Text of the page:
This sequencing of rocket stages relied on all components working precisely one after another in contrast to the Soviet R-7 rocket which had launched the first Sputnik in 1957. Both the central core engines of this launcher and those on the four strap-on boosters were ignited at launch, the boosters falling away during the ascent and only one further stage being fired at altitude to take the satellite into parking orbit.
Back on the soaring Saturn V, the S-IV stage would have taken over from the discarded S-II, firing its single J-2 engine first for a 2 minute 30 second orbital insertion burn and then – after a period of coasting in orbit – a six minute Trans Lunar Injection burn to take the spacecraft modules away from the gravity of the Earth and towards the influence of the Moon. Once the Command and Service Module (CSM) had extracted the Lunar Module from the S-IV and moved ahead of it, the third stage was then commanded to fly on a different trajectory to avoid collision.
This was either ultimately into orbit around the Sun or, on later Apollo missions, a collision course with the Moon – away from the selected LEM landing area so that seismographs set up by previous crews could detect the resulting “Moonquakes”. On 3 September 2002, astronomer Bill Yeung discovered a suspected asteroid, which was given the discovery designation J002E3. It appeared to be in orbit around the Earth, and was soon discovered from spectral analysis to be covered in white titanium dioxide, which was a major constituent of the paint used on the Saturn V. Calculation of orbital parameters led to tentative identification as being the Apollo 12 S-IVB stage. Mission controllers had planned to send Apollo 12’s S-IVB into solar orbit after separating from the Apollo spacecraft, but it is believed the burn lasted too long, and hence did not send it close enough to the Moon, remaining in a barely stable orbit around the Earth and Moon. In 1971, through a series of gravitational perturbations, it is believed to have entered in a solar orbit and then returned into weakly captured Earth orbit 31 years later. It left Earth orbit again in June 2003.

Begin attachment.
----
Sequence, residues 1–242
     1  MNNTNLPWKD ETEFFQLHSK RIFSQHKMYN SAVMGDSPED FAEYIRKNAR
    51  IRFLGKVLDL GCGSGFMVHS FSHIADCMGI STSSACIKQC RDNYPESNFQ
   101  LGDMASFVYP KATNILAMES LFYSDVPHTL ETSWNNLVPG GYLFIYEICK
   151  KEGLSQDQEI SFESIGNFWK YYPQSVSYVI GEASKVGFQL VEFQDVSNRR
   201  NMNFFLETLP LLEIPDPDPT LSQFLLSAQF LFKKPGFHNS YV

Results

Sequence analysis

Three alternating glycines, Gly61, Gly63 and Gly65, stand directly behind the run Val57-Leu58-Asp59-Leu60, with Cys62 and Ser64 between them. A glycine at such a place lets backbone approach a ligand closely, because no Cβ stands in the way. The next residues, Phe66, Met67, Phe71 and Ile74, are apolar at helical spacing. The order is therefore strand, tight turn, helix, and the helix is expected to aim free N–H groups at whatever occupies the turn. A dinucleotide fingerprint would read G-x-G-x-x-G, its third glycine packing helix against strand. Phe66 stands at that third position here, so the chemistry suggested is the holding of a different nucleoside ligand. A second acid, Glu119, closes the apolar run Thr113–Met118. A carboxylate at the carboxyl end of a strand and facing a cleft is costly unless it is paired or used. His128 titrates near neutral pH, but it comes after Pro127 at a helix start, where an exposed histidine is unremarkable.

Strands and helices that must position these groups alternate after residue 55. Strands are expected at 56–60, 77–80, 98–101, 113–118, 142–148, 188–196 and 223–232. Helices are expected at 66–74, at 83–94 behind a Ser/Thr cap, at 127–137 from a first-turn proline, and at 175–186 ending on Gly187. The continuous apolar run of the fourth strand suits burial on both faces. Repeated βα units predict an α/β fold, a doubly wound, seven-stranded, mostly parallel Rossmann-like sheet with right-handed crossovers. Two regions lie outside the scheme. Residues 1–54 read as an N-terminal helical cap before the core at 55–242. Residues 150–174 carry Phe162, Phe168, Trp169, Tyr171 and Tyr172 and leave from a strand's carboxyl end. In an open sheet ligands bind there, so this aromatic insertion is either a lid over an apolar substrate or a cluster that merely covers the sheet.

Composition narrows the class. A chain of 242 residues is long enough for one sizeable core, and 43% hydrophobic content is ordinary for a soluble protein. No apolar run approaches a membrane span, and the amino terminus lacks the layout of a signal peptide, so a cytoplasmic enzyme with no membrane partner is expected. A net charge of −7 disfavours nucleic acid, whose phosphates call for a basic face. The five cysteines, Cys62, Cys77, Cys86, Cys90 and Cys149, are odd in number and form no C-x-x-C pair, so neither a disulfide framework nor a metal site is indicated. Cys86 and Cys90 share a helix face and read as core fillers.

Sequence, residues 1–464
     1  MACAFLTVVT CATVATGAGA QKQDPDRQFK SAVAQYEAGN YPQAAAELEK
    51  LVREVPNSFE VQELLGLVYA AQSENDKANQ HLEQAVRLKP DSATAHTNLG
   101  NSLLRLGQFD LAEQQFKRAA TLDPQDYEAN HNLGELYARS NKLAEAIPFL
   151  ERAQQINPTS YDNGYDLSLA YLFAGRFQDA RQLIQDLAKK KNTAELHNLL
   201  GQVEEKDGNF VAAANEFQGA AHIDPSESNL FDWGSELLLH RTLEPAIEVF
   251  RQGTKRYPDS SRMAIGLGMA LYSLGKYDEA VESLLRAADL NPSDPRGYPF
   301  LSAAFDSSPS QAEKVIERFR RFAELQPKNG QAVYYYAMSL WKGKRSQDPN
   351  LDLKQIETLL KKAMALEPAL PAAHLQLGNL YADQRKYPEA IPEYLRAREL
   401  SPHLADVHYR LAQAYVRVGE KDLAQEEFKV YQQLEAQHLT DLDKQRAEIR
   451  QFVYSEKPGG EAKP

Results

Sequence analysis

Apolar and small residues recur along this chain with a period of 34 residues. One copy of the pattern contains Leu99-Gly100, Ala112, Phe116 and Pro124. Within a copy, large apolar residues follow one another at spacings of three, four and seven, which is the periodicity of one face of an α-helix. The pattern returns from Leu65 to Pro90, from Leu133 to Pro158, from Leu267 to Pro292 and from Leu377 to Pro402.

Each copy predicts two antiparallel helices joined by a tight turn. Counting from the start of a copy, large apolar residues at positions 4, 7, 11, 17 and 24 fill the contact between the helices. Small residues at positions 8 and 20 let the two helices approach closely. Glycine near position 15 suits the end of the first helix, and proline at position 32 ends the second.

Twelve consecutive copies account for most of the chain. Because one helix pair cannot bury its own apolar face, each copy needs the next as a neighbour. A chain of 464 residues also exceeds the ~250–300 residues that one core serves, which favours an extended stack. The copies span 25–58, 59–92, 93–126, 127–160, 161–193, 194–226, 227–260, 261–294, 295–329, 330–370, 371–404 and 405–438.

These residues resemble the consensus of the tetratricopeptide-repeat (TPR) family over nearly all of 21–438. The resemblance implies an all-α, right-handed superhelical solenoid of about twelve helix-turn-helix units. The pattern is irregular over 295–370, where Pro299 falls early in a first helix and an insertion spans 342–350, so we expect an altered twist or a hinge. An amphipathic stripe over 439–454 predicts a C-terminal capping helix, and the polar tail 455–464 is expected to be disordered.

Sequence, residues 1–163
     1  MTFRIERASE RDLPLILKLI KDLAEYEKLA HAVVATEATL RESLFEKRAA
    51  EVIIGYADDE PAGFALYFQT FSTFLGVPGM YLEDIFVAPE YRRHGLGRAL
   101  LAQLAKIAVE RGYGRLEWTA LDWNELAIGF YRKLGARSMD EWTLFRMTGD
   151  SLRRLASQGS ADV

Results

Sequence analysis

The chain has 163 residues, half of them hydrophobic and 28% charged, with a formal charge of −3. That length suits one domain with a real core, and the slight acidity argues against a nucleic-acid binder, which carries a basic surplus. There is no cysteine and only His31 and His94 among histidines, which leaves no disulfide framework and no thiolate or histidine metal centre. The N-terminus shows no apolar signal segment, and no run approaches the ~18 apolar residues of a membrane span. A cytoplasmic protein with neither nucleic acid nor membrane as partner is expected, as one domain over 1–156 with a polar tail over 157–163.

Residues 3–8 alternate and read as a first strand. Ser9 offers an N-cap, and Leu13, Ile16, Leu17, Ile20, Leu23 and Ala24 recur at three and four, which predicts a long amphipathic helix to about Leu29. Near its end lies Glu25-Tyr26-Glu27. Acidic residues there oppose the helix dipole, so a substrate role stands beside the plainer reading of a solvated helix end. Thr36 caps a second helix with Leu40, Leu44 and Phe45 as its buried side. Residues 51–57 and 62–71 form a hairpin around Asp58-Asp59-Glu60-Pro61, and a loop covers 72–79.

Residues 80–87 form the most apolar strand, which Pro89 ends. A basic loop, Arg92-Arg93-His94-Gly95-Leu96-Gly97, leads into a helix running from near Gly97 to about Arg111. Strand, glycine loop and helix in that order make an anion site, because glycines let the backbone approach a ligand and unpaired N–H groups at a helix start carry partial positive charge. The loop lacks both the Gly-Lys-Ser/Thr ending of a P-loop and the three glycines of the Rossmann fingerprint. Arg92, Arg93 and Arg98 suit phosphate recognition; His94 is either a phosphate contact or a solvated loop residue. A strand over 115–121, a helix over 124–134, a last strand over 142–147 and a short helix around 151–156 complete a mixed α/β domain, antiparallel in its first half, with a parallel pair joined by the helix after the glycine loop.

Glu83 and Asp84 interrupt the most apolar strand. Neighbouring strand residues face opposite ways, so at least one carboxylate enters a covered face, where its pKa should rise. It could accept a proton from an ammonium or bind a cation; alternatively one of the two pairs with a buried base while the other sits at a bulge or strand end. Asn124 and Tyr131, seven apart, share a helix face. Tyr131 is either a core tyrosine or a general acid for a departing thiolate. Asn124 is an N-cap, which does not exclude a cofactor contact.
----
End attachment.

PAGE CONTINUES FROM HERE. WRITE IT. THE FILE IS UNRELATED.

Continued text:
Although available thrust decreased with the deployment of each stage during ascent, efficiency of the Saturn V rocket engines increased as each stage boosted the remaining components to a higher speed above the drag of Earth’s atmosphere and with an ever lightening load as propellants burned off.
The final Saturn V launch was the only one not connected with the Moon landing programme and featured just S-1C and S-II stages launching the orbiting space station Skylab, built from a smaller Saturn 1B second stage. On this occasion the S-II stage was modified to finally insert Skylab into orbit and then vent its propellant into space, making it more inert as a piece of space junk until it re-entered the Earth’s atmosphere in 1975.